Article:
‘Waste removal, not waste relocation’
Regan said while the problem of dog owners not picking up their pet deposits has no easy solutions, there are two key elements. Ongoing public education including signage, and providing accessible receptacles that are regularly maintained and emptied to “make it easy” for those who want to do the right thing.
“That means HRM staff and cost, but I think it’s worthwhile. When you compare the numbers of trail users versus other sports, it blows the numbers just completely out of the water,” Regan said.
“It’s passive. You don’t have to pay for heat. It certainly takes maintenance money and construction, but there’s a demand for it and it’s multi-generational. When you compare the costs of trails against other recreational facilities, there’s no comparison.”
Regan said while there’s little you can do about those few who choose to be blatantly disrespectful, he believes if people realized the issues their dog’s waste can cause they would likely be more vigilant.
He points to well-intentioned people who deposit their full dog bags on the sides of a trail because they plan to pick it up afterwards but sometimes forget, take a different route out, or the filled bag gets moved or knocked over.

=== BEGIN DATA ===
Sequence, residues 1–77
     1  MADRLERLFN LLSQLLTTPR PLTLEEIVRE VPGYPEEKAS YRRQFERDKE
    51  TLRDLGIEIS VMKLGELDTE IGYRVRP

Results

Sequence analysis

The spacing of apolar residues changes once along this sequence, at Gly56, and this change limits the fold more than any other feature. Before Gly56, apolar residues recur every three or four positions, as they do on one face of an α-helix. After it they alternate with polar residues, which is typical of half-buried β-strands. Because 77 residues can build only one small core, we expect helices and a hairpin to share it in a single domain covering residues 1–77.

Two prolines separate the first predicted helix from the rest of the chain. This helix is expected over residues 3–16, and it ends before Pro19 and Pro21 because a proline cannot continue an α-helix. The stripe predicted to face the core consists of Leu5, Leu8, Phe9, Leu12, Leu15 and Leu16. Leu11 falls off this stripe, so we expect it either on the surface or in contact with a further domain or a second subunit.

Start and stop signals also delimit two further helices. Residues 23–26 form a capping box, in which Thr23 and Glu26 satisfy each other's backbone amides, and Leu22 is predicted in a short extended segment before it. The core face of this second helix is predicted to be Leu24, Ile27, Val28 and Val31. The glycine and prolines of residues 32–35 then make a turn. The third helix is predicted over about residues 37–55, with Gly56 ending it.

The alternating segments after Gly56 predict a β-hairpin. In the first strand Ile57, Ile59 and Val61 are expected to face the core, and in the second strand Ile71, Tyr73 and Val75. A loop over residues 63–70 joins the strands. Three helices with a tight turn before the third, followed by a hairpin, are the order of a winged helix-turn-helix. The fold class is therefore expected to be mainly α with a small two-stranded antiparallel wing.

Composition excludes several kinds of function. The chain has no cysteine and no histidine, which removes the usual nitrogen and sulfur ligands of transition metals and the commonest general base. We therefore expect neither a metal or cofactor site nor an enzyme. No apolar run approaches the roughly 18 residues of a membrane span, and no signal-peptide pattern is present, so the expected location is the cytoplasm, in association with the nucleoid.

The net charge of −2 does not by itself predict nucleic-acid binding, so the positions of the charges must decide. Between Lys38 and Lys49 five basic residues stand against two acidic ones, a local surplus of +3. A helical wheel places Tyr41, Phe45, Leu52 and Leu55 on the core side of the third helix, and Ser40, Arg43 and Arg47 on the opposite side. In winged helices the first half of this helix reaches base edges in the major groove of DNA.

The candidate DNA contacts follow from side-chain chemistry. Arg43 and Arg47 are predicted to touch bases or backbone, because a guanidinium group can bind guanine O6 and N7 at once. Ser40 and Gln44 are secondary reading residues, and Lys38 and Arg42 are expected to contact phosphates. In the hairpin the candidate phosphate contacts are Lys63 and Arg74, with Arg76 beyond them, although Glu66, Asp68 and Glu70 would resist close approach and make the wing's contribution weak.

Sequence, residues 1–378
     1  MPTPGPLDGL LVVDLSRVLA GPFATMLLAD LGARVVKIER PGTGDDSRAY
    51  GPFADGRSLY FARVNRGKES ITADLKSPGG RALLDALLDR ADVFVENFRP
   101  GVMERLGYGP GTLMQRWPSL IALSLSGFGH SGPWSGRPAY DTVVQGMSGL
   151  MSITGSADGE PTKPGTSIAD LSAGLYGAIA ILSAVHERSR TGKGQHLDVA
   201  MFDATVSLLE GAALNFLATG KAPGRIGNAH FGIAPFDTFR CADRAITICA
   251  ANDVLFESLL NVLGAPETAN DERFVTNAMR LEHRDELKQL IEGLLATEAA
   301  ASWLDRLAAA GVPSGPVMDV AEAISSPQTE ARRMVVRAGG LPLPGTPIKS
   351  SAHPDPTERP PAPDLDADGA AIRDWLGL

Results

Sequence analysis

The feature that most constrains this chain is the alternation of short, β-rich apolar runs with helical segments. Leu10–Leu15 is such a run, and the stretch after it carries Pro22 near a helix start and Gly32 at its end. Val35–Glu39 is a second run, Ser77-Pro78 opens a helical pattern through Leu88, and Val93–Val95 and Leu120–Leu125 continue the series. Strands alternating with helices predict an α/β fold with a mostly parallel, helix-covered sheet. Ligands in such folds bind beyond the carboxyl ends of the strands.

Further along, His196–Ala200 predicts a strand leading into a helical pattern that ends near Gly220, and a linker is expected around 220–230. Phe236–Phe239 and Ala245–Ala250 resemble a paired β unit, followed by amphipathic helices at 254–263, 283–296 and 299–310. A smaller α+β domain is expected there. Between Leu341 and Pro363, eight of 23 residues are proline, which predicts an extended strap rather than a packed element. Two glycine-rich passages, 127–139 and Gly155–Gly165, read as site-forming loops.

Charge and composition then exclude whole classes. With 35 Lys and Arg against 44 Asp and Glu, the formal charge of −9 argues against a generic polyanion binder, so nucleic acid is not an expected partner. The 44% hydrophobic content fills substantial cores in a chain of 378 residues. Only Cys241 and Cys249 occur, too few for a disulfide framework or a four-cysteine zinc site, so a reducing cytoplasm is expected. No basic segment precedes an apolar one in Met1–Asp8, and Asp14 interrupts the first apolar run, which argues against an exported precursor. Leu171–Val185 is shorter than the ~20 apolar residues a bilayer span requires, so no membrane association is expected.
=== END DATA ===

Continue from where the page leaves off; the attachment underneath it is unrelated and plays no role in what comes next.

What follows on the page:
“It’s really about respect. Respect for you, respect for me, respect for the community,” Regan said. “I have care and control of my animal, including waste removal, not waste relocation.”
Regan said it’s also important to recognize that while there is a small percentage wreaking havoc by refusing to pick up after their pets tossing their bagged dog waste into the woods, there are just as many who clean up after those people.
He calls them “the mystery cleaners.”
They often call to tell him about the large amount of droppings they’ve found and cleaned along the trail. Others call to say they’ve removed and properly disposed of multiple dog waste bags thrown on the ground or hanging from trees when they’re on their own walks.
“These people are wonderful, and we are so grateful for them, but why should other people pick up after other people,” Regan said.
“It’s because people are good and they want to maintain the trail themselves. But they shouldn’t have to do that.”
In addition to mystery cleaners, volunteers are also regularly present cleaning messes on many local trails.
Earlier this year, a Cole Harbour Parks and Trails Association (CHPTA) trail steward badly sprained an ankle while trying to remove a dog poop-filled bag hanging from a tree branch.
“We’re constantly picking up bags and we’re constantly picking up actual feces themselves,” Michael McFadden, CHPTA chairperson, said in an interview.
He also echoes Regan’s observation about the do-gooders who go out of their way to pick up dog doo belonging to the dogs of complete strangers.
“There’s a large proportion of people that behave themselves,” McFadden said.
The association oversees three trails — the Salt Marsh Trail, the Shearwater Flyer, and Heritage Park. They also monitor the Forest Hills and Bissett trails for HRM. McFadden said they’ve noted an increase in the amount of dog waste being left behind.